Raffaello Sanzio da Urbino is sometimes best known for being interred in the Pantheon, where his ornate tomb sits beneath the gaping oculus – the hole in the Pantheon dome – just managing to avoid any rainfall.
Many visitors may just give Raphael’s tomb a cursory nod as they shuffle past with their cameras, unaware that Raphael was not just an artist – he was accorded rock star status when the world did not even know what a rock star was. Furthermore, Raphael was not only thought of as an icon, a sex-charged Casanova and a romantic hero who painted women as more beautiful than any known to mankind – he also came to be thought of as the possible reincarnation of Jesus Christ himself.
This glowing report of the artist is perhaps hard to take in all at once – although today we are more accustomed to the idea of icons who bestow mystery and magic upon the world dying prematurely, leaving us with a body of work that we will listen to again and again and which becomes the soundtrack to our lives (tinged with sadness at their passing).
Raphael was no different – to ascend to the position of being thought by some as the reincarnation of the son of God takes some doing. John Lennon might have quipped (allegedly) that The Beatles were more popular than Jesus – but to be thought of as Jesus Christ himself is quite an achievement.
Raphael – as we know him – was born in Urbino in Italy in 1483. His father died when he was young and he was apprenticed to the master painter Perugino. Something of a rivalry may have sprung up between them – the young Raphael was a contemporary of both Leonardo da Vinci and Michelangelo and he made good use of the influence of other painters, even, perhaps, trying to outdo them. His father, Giovanni Santi, had been a court painter, so he was exposed to the great art of the Renaissance from an early age – and not only emulated the greats but in many ways surpassed them.
He became a master painter himself in 1500 and spent eight years working throughout Italy – he spent much of his time in Florence, where he became known for painting exquisitely beautiful Madonnas. His treatment of the female form and its beauty became legendary – his love life perhaps formed the perfect basis for studying the female form and the rumours of his affairs even inspired Michelangelo to produce a series of erotic sketches based on Raphael and his mistress – and some say, wife -La Fornarina.
La Fornarina was his muse, also – it is thought she might have been a courtesan and her name came from an erotic connection between baking and the sexual act. Others think that she was the daughter of a baker and this explains her name, which means “the baker’s daughter”. Prosaic, but perhaps more likely – she would not be the only nice girl to have her head turned by a rock star. His most famous painting of his lover – Portrait of a Young Woman – is in Galleria Nazionale d’Arte Antica at Palazzo Barberini in Rome. It features a bare-breasted young woman, one hand resting beneath her left breast, her finger almost touching her nipple, her other hand with fingers splayed over her crotch as she gazes askance, and presumably at Raphael as he painted her – thus suggesting her playful pose is intended just for him. And could that be a hint of pregnancy in the full belly? The position of the arms seems to suggest the classic pose adopted by women in pregnancy as they cradle their growing infant. Or maybe Raphael was trying to depict a woman at her most beautiful – when she is expecting a child. The perfect Madonna, fecund and glowing.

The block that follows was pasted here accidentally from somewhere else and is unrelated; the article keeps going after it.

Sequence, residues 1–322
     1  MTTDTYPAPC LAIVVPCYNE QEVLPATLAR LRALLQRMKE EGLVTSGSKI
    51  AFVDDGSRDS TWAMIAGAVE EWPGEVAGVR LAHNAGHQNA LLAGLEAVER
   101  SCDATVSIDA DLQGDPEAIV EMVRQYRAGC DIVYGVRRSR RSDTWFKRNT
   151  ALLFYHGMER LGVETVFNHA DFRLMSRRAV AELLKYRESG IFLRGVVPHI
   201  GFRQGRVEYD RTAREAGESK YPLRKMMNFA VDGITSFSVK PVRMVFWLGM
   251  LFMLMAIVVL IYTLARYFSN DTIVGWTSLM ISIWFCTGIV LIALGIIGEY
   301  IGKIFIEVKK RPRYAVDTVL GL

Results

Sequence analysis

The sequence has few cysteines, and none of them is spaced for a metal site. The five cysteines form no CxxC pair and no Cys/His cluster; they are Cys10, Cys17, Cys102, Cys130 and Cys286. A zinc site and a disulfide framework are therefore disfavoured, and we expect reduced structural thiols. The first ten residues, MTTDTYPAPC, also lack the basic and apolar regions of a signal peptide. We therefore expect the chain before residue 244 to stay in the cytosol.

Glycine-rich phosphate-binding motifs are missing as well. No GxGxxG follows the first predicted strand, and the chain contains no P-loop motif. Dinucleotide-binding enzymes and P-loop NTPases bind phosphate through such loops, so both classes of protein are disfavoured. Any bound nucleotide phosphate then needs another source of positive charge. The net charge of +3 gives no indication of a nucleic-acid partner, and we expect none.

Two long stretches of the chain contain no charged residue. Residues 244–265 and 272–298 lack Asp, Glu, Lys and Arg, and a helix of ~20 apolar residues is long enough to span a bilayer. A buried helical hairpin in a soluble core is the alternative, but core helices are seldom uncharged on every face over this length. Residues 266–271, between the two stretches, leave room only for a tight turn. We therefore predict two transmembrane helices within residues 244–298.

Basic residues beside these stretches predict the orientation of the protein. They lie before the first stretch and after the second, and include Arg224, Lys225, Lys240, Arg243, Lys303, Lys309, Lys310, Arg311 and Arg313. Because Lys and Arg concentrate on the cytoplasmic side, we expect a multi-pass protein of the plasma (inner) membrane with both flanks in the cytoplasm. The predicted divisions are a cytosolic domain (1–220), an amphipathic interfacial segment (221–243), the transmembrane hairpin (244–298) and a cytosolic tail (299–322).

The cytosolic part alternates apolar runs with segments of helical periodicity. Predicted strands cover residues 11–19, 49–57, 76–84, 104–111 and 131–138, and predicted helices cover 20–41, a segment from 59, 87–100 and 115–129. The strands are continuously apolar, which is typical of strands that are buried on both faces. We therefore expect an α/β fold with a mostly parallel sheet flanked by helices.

In capturing such a private and erotic moment, Raphael threw open the floodgates of human nature – here was high art more often reserved for formal portraits or religious art, but now revealing the sexual connection between man and woman publicly in his work.
In 1508 at the age of 25, Pope Julius II had become Raphael’s main patron, resulting in a move to Rome. His initial commission had been to redecorate the papal apartments, but he eventually developed his portraiture, as well as architecture.
Raphael and his master Perugino had both painted versions of the popular religious theme The Marriage of the Virgin. Both paintings are quite similar in structure – however, Raphael has refined the scene, elevating the figures in the foreground by making them taller, slimmer, more god-like. In effect, he “photoshops” Perugino’s attempt, air-brushing the figures, heightening the colours, repositioning the male and female figures – and turning his master’s background temple from a simple classical building into elegant, highly-detailed other-worldly architecture, as if the marriage of Mary and Joseph is actually taking place in heaven and not on earth. Every Raphael figure has a perfectly shaped almond face, soulful eyes, a tender mouth and a complexion that glows. Architecture was also one of his passions – as much as women, perhaps; and frequently – as sometimes we ourselves find – passion makes perfect. But how annoying for Perugino.
So we can assume Raphael was not only highly confident of his own abilities, but also highly competitive. Perhaps the lack of a father-figure in his life from an early age led to him locking horns with other men. However, Raphael was also what we would call “a socialite”. His abilities and youth made him highly popular – he attended parties and networked, as all artists must – and, as we now know from today’s young icons, being young, brilliant, male and successful led to him being very much in demand.